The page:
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One need only peruse the photo galleries of medical degree graduation ceremonies to have a sense that the inter-generational aspect of medicine as a career is particularly strong. The phenomenon of ‘medical families’ is quite understandable in the sense that children of doctors have a particular insight into medicine as a career and the vital nature of doctors’ work in communities. Doctors are not valued appropriately by Government, but the profession itself prizes recognition, ceremony and ritual, which has its own attractions too.
Doctors who have children often subtly direct them towards a medical career, although this might not always be the best idea. In fact, it is quite extraordinary how many doctor-parents express a wish for their offspring to become doctors too, although this has been changing in correlation with less attractive terms, conditions and working environments.
Another significant cohort into direct-entry medical degree programmes (which may overlap with the ‘medical family’ demographic) are those from private fee-paying schools and/or those who have paid hundreds to undertake HPAT preparatory courses.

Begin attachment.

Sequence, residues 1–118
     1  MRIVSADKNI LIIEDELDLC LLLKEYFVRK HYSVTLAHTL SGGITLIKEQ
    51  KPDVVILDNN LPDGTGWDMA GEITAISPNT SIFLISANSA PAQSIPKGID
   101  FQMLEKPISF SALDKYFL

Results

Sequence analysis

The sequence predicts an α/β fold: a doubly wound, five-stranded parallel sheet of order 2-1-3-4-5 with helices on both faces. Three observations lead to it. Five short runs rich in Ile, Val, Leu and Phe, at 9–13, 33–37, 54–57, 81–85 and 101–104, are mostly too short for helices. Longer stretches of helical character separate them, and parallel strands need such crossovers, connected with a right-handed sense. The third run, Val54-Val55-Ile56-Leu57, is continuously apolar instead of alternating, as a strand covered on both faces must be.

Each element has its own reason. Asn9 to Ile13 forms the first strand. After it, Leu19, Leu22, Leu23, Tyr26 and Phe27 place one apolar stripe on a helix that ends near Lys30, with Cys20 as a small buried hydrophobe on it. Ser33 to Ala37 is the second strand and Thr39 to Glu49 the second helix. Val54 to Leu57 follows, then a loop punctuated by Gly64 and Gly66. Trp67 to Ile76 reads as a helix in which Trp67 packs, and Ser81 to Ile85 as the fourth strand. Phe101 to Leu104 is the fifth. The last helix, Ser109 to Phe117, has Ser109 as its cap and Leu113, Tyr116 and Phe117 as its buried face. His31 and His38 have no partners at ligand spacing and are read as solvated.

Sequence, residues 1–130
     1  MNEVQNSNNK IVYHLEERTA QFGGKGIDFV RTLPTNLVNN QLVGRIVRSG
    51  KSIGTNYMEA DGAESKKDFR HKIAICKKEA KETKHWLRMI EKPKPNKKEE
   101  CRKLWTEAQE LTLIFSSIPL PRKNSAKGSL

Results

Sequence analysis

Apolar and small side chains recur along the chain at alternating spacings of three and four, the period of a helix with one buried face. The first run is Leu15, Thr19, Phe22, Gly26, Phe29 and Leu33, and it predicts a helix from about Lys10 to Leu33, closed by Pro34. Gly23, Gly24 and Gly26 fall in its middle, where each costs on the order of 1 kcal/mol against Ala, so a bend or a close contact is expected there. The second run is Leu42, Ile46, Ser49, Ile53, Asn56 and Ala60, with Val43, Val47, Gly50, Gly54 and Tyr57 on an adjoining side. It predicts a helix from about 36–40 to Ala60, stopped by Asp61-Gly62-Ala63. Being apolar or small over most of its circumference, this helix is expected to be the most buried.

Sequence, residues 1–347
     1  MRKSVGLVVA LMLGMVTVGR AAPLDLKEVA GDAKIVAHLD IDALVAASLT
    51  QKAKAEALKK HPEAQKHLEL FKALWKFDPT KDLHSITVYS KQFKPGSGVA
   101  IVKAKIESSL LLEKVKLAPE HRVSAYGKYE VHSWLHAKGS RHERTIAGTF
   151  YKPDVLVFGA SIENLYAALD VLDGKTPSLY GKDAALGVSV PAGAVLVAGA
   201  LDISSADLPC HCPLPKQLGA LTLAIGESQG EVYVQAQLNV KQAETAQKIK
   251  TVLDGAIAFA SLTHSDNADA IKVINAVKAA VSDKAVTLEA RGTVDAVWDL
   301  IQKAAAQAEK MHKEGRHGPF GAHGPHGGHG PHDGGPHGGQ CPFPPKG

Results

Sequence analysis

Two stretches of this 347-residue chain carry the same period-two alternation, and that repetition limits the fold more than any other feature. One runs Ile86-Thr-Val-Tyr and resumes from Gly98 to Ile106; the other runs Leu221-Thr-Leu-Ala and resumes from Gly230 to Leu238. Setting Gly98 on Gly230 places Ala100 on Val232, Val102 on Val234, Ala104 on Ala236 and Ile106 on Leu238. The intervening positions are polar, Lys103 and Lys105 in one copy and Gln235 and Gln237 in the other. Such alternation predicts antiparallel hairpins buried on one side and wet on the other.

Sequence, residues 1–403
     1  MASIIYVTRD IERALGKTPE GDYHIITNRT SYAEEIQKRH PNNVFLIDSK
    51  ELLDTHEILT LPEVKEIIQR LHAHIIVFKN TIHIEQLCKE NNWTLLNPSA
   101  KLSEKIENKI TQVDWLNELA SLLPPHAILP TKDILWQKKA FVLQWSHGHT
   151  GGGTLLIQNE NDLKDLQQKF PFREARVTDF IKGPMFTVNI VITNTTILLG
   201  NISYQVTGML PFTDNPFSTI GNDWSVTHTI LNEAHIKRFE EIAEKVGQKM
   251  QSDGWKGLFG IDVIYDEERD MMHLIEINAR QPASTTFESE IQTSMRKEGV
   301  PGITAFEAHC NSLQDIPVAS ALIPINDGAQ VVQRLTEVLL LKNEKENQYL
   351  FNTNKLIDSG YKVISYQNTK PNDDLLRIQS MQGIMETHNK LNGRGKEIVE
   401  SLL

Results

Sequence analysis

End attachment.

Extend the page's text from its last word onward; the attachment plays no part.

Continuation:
In the academic year 2015/16, only 10 per cent of Irish full-time undergraduate medicine enrolments were in receipt of a SUSI grant, which compared to 44 per cent of all Irish full-time undergraduate enrolments in the same period.
There is a lot of work for Irish medical schools to do to ensure a more diverse student population at medical school, and as Neasa Conneally alluded to, interested students need to be targeted at second-level.
The advent of graduate-entry medicine (GEM) degree programmes has gone some way to diversify the student — and future doctor — population but the financial burden has become unacceptably high for many prospective GEM students.
It is difficult to see how a concerted focus on attracting students from non-traditional backgrounds would impose a significant financial burden on medical schools, but it is an area that demands further attention from Government too.
Nevertheless, change in this area is unlikely to evolve from Government or the top administrative echelons of universities and would most probably need to be driven and a consensus formed by influential doctors within medical schools — such as by the Council of Deans of Faculties of Medical Schools in Ireland.